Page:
We Are Innovative
Matt Swanson - Executive Chairman
Riccardo Stoeckicht – President & Chief Operating Officer
Teresa Gerchman – Chief Schools Officer
School Support Division
Riccardo Stoeckicht – President & Chief Operating Officer
Karen Thorpe – Financial Services
April Montgomery – Financial Services
Shelley Vincent - HR Services
Lisa Lessner – Development
School Management Division
Teresa Gerchman – Chief Schools Officer
Cassandra McKay – Academic Consultant
Board of Directors
Matt Swanson – Executive Chairman
Karl Wagner - Vice Chairman & Treasurer
Richard Carter, Ed.D.
Stephanie Clark Fitzgerald
Sylvia M. Flowers
Riccardo Stoeckicht - Chief Operating Officer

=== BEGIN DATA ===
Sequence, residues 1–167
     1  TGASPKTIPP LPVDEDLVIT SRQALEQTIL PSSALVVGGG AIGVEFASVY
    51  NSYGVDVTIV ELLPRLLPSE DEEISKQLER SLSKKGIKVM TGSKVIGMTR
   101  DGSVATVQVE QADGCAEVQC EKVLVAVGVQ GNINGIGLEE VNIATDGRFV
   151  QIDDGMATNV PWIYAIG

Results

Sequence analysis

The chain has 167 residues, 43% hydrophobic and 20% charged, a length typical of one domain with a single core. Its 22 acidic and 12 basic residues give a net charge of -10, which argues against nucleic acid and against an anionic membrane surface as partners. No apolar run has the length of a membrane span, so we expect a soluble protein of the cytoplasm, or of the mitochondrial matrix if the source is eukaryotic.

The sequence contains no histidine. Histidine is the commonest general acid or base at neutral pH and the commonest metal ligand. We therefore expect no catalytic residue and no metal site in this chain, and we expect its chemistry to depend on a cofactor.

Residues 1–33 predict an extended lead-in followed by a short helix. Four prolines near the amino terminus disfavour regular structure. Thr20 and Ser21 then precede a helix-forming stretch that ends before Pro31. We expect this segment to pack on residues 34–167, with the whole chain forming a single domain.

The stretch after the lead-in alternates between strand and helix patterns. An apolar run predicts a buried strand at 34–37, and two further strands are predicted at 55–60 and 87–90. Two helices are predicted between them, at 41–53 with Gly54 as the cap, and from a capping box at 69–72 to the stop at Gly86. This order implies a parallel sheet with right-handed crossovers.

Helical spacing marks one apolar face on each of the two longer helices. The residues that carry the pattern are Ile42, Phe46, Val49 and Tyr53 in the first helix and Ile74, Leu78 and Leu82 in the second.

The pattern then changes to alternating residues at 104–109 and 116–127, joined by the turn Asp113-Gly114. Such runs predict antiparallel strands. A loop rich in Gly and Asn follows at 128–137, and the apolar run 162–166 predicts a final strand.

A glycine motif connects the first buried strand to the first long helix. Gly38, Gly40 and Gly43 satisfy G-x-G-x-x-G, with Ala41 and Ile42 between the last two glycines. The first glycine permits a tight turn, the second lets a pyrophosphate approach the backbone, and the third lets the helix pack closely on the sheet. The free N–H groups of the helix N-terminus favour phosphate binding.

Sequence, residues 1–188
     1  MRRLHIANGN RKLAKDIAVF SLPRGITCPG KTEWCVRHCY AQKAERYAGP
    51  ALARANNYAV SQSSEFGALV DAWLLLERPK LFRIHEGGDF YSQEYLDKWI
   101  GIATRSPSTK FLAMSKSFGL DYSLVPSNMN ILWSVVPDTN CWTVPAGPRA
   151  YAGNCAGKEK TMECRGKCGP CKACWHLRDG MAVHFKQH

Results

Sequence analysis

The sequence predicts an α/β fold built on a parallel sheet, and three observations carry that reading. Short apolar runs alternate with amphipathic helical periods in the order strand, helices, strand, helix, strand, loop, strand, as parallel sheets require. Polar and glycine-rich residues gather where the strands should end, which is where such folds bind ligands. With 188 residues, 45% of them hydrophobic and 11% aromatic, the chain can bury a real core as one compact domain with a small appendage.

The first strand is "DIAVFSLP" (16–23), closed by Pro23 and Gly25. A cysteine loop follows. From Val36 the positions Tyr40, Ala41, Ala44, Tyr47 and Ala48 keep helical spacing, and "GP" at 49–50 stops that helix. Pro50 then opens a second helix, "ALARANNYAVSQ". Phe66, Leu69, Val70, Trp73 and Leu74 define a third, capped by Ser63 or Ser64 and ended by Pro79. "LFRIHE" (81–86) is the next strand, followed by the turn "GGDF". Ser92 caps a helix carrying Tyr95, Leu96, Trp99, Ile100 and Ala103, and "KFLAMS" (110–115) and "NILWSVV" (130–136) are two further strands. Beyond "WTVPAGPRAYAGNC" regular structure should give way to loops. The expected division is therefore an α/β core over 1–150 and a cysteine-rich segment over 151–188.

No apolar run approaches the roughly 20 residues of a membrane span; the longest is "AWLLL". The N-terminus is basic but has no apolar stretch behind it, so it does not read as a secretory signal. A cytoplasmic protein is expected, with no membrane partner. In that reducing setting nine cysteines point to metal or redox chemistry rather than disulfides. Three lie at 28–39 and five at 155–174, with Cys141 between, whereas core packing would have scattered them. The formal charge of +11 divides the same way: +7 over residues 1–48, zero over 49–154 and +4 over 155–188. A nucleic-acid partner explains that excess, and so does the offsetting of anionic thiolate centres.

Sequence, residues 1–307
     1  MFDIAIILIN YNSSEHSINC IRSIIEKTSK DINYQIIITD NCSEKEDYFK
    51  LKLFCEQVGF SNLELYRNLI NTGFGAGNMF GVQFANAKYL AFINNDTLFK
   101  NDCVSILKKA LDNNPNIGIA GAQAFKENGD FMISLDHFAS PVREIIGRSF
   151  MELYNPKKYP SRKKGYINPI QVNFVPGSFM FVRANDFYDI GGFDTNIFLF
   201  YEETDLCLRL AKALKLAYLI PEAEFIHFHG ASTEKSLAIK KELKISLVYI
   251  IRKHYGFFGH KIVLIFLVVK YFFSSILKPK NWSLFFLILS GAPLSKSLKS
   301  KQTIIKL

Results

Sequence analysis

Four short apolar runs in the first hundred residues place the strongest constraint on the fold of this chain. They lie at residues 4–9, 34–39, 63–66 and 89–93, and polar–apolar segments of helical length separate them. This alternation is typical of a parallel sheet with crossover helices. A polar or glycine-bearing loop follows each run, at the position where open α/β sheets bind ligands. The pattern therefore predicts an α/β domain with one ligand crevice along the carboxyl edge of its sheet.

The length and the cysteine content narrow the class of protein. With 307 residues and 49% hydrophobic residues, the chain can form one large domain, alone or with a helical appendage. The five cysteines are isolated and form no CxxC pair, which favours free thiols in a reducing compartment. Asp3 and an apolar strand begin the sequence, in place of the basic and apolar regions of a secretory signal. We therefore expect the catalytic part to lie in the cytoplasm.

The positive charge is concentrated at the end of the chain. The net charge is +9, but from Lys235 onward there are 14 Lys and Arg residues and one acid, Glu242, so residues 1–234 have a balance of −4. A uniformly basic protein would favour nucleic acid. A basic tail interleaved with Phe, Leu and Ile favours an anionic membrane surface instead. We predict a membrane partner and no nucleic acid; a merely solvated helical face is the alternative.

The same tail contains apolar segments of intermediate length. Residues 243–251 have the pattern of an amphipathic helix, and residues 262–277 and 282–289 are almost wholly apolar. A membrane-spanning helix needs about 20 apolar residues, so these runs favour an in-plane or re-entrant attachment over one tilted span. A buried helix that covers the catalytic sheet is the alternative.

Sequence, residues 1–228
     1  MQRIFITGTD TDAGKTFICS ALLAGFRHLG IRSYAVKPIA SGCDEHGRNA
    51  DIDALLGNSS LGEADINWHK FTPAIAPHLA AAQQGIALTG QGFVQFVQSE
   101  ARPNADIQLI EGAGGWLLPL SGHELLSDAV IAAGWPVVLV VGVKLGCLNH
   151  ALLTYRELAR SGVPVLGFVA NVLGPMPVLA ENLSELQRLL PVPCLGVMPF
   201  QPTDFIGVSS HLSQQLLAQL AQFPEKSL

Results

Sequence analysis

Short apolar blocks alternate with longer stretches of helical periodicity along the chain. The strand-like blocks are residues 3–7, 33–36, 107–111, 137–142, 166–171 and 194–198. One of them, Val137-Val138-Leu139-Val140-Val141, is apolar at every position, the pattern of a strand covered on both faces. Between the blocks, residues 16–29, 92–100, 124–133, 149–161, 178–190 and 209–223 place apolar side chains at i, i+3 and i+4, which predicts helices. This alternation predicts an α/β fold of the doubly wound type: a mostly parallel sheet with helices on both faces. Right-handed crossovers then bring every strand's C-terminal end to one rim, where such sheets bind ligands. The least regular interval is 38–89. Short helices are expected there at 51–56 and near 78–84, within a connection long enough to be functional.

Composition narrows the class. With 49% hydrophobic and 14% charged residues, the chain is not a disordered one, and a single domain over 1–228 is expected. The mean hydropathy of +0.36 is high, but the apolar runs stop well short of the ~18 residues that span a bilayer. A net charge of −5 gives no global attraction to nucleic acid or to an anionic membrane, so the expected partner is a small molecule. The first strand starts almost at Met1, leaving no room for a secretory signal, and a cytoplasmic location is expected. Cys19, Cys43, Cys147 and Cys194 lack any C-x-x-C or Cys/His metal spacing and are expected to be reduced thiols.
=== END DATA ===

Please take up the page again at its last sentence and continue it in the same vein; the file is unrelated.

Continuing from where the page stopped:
Riccardo Stoeckicht serves as Chief Operating Officer of Innovative Schools with responsibility for managing the organization’s finance and human resource functions as well as overseeing the School Solutions division which provides back office services to client schools. From 2012-2014, Mr. Stoeckicht served as the first president of the Community Education Building (CEB), an educational initiative in Wilmington, Delaware made possible by a partnership between Bank of America and the Longwood Foundation. The CEB was transformed into an educational environment for high performing charter schools offering city children access to world-class education. Prior to this position, Mr. Stoeckicht served for five years as Chief Operating Officer of the Rodel Foundation of Delaware, where he led all operating and administrative functions and provided organizational leadership and programmatic support to the CEO and his staff. As Deputy Director of the Latin American Community Center in Wilmington, Mr. Stoeckicht led the finance, strategic planning, human resource and information technology functions of the organization. He also had management oversight for the Early Development Center and Youth Services Department providing over 200 children ages 1 to 18 with educational programs and activities. Mr. Stoeckicht spent the first twenty years of his career in various management, finance and human resource functions at the DuPont Company in Brazil and the United States. Mr. Stoekicht holds a Bachelor of Arts in Mathematical-Economics from Brown University and a Master of Business Administration from Northeastern University.